Motor vehicles of all kinds will usher in sweeping changes. For example petrol driven tractors are affordable enough for individual farmers to own making them independent of the hired steam traction powered chain ploughs. This in turn will lead to increased food production at lower cost which leads to population growth and a larger availability of labour for factories that in turn produce more goods.

An inevitable upward spiral of prosperity must result as a direct result of improved means of transport and the benefits of civilization are made known to a wider audience by communication systems. In previous times it was possible to keep ones population largely isolated and ill informed allowing despots to take advantage of the populace and it still is in some parts of the world such as Russia whose monarchy should have learned the harsh lesson of the French Revolution.

It would be possible for me to extol the virtues of numerous other modern inventions and from them hypothesize an implausible future fifty years hence. However I do not wish to do any more than establish my case for the picture I shall paint of our future which requires only communication and transport to cause all the changes that must logically follow as a result of them..."


The House Master continued to read the extrapolations promised by this introduction and despite a muttered comment or two at those passages he fancied might have been deliberately phrased to tweak the English masters archaic sensibilities, he found himself agreeing with his outspoken colleagues.

The boy had done as asked and done it well but he couldn't undermine another teachers grading however unfair it might seem. All he could hope to do would be to talk to Hall privately and hope to make him understand that sometimes one must accept one cannot make someone see the rightness of ones convictions. He hoped the boy would be sensible and not make a fuss.

(1) Some mines were using spoil cars that ran on guide ways even earlier than
the 1700's.
(2) Max Planck 1900 'Plancks Law' and Albert Einstein 1905 'Black body
radiation'
(3) Konstantin Tsiolkovsky (1903) published Exploring Space Using Jet
Propulsion Devices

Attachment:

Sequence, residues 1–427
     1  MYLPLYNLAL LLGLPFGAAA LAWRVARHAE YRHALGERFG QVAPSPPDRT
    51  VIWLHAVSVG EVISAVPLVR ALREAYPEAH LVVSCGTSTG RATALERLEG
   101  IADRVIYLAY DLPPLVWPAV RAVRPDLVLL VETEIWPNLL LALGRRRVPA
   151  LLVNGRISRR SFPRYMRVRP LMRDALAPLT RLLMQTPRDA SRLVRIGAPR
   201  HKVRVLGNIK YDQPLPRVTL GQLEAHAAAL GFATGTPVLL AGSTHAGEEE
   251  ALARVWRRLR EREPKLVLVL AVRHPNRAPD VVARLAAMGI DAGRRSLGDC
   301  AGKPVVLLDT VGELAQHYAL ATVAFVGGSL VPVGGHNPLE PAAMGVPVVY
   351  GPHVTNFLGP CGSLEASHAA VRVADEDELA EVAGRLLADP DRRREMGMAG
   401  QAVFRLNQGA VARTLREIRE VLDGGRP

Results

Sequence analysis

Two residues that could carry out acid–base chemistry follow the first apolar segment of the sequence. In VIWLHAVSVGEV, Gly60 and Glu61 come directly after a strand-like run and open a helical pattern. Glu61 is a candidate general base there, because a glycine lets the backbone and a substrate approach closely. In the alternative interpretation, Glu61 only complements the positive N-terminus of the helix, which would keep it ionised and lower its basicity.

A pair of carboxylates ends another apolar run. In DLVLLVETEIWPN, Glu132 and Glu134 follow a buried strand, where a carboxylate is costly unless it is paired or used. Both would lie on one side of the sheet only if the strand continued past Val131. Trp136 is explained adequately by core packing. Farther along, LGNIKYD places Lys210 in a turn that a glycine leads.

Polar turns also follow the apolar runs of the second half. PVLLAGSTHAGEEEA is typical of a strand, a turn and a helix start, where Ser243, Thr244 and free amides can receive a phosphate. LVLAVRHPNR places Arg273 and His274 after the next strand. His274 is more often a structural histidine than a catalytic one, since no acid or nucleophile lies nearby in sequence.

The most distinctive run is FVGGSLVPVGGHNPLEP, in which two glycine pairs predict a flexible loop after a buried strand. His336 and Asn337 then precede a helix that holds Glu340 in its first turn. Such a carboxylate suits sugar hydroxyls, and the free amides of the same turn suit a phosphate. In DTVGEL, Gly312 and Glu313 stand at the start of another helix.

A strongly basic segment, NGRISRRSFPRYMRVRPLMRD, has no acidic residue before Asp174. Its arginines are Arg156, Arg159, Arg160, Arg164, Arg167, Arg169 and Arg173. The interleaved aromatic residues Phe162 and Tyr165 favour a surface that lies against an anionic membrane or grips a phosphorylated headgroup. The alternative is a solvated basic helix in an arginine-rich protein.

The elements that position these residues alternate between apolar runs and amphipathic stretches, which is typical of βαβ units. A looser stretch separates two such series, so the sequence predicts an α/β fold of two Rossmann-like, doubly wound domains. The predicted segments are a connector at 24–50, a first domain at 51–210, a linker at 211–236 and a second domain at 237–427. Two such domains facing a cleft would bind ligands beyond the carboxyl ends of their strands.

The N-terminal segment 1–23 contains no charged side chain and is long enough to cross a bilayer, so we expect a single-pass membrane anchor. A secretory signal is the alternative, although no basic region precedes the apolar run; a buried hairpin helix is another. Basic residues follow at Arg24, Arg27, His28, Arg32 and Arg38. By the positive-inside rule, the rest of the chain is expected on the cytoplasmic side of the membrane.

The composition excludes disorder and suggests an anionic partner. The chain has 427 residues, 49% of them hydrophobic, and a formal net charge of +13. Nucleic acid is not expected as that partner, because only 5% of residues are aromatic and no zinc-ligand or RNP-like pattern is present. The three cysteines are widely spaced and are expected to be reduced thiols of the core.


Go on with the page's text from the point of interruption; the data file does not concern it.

• I like... - Sarge, Sun Sep 17 09:10
      ...the picture drawn, for one of the unique things about English schooling (and indeed the English psyche) has to be the last notion you mention, in this case one must accept one sometimes cannot... more
      • I'm afraid not - mike, Sun Sep 17 09:58
        I'd like to say yes of course that was a deliberate clanger but I must confess that it was not. I thought the Beeb was around that far back, I will have to do some research and make a correction.... more
        • Blimey! As late as THAT! - mike, Sun Sep 17 10:02
          first broadcast 1920 well you could knock me down with a feather! I'd best excise that completely. Son of a gun...need to do more research.
          • Oh, yeah - Sarge, Mon Sep 18 10:18
            Radio really was highly directional and of pretty horrid reproduction quality (so narrow an output frequency range that the beeps of Morse where about the limits of fidelity), pretty much station to... more
            • Re: Oh, yeah - roger, Tue Sep 19 08:34
              KDKA in Pittsburgh seems to be the first commercial radio station in the U.S. It was started in late 1920 by Westinghouse.
      • Re: I like... - roger, Sun Sep 17 09:36
        Mike and Sarge, Both interesting reads. If I might offer,Sarge, I'm not sure Americans can even accept winning in an appropriate manner. Look what happens when some athletic team wins a championship.
        • If I gave the impression... - sarge, Sun Sep 17 13:48
          ...they collectively accept winning appropriately, I certainly didn't intend it. Grin! Mike, I did notice that. The tempering and moulding of young Hall from gifted and impetuous to gifted and... more